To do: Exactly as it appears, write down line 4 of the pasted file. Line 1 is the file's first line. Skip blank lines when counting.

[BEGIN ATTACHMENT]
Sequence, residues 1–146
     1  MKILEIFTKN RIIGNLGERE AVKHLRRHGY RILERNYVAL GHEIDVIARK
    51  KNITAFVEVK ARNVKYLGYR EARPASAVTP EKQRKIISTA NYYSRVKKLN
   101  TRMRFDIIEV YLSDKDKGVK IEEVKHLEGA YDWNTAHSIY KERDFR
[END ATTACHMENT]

   101  TRMRFDIIEV YLSDKDKGVK IEEVKHLEGA YDWNTAHSIY KERDFR